Ideally, sure, it would be great if no one cared whether my absurdly domestic life was with a man or a woman. Hasn't yet worked out that way.

Posted by: The grain of salt in the pepper jar | December 5, 2006 1:29 PM

NCLawyer

"Enlighten us on how firing non-performers because they are Presbyterian, Norwegian, Pakistani, or polygamous is easier or more efficient than firing them for, duh, nonperformance."

I'm not sure polygamists fall into any protected class.

Posted by: Anonymous | December 5, 2006 1:38 PM

Im from the US and I work at a Tech firm. My immediate boss is a woman (great boss). Her superior is a woman. There are a lot of women who work here and in the last 3 months 3 women have left for maternity leave. The most recent is out 5 months, the minimum maternity leave is 5 weeks, which is what a higher ranking employee took. This is a well respected company, but not rated in the top 100 places to work in the US.

I think there will always be some discrimination about something like this, but I think it is more on the individual reviewer and the specific company, than it is widespread practice (in the US at least). It seems to me that this is the type of problem that gets resolved gradually overtime.

Remember it hasn't been that long (in human history) that women have truly been in the non-domestic work force. The problems a working mother faces and the ways that companies work with them to mitigate these problems are still being hashed out.

I think you are right to keep an eye on this type of behavior, but I don't think the issue is as sinister as some have made it seem. Of course I am a 25 year old man, so you can choose to ignore my 2 cents, admittedly my experience is limited. But, in my limited experience I have been impressed with the lengths this particular company, and other companies I have heard of in the US, goes to in order to accommadate working mothers.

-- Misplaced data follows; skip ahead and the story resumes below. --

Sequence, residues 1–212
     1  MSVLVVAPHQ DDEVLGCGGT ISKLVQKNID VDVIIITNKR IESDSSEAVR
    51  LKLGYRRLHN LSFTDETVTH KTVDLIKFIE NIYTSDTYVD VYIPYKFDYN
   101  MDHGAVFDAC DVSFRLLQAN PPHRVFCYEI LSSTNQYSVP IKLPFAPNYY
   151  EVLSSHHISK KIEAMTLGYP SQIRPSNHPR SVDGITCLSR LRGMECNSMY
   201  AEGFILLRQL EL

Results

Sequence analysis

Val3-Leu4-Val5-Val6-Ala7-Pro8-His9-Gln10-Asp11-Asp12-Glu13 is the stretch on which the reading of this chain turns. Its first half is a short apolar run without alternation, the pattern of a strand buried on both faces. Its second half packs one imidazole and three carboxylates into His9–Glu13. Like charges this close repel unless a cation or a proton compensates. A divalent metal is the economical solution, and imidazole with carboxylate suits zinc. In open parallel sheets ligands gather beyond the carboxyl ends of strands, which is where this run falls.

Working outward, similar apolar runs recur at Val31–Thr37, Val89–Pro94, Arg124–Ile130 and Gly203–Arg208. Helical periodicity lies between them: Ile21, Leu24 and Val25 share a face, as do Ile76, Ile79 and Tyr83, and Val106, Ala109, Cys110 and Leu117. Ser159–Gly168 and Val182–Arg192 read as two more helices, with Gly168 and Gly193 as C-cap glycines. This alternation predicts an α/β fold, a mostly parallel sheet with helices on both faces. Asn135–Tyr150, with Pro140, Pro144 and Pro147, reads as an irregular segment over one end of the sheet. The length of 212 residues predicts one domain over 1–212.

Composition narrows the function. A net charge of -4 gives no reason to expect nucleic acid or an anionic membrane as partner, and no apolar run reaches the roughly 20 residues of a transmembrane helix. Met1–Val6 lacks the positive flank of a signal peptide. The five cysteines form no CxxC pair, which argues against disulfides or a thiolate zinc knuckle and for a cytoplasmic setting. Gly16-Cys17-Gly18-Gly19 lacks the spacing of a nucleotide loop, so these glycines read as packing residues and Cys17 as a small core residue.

Posted by: Adam | December 5, 2006 1:38 PM

I'm not sure polygamists fall into any protected class.

religion

Posted by: Anonymous | December 5, 2006 1:40 PM

Do you practice employment law? That won't hack it.

Posted by: Anonymous | December 5, 2006 1:41 PM

There is no First Amendment right to practice polygamy or otherwise violate laws that are within the state's police powers to promulgate. You can fire someone for violating the law if you want to.

Posted by: Anonymous | December 5, 2006 1:43 PM

My company, a publishing company, offers paid maternity leave for 12 weeks (granted only 1/3 pay, but still).

My company found they were in a tight spot during my leave and asked me to come back two hours a day, then 5 hours a day, and my maternity leave was extended accordingly (really, I was just able to work part time versus full time off and then fully back to work).

Importantly, however, I have a home office and continue to work from home. I would have done it anyway even if I had needed to go into the office. My company is such that my son would have been allowed to come in with me.

As a result, loyalty on both sides has been strengthened, I think. They were truly grateful that I agreed to work, and I was grateful to not have to jump back into work full-time right at the end of my leave, but eased back into it.

Posted by: Rebecca | December 5, 2006 1:46 PM

So freedom of religion only applies if the government like your religion?

Posted by: Anonymous | December 5, 2006 1:48 PM

to lawgirl

touché ;)

Posted by: Sean | December 5, 2006 1:48 PM

I did not identify polygamy as a protected class, people.

Focusing only on legal claims in connection with discriminatory hiring or firing practices isn't very helpful to the average person seeking to navigate the hiring or retention process. In my experience, when one is seeking employment, one's time is better devoted toward conducting a successful job search rather than running off to an employment lawyer seeking a percentage of a theoretical recovery. Others may choose differently.

Posted by: NC lawyer | December 5, 2006 1:53 PM

YES, good maternity/family benefits build employee loyalty. I'm a lawyer at a large DC firm with great family benefits. For both my babies I got 4 months 100% paid leave (a combo of disability, which my firm paid the bulk of the premium for) and took an additional 3 months unpaid leave. This is not atypical for my firm. I noq work an 80% schedule. The partners I work with (male and female) are terrific. As long as my work gets done (and you can be sure it does, I'm not crazy, I want to keep this job) they are happy.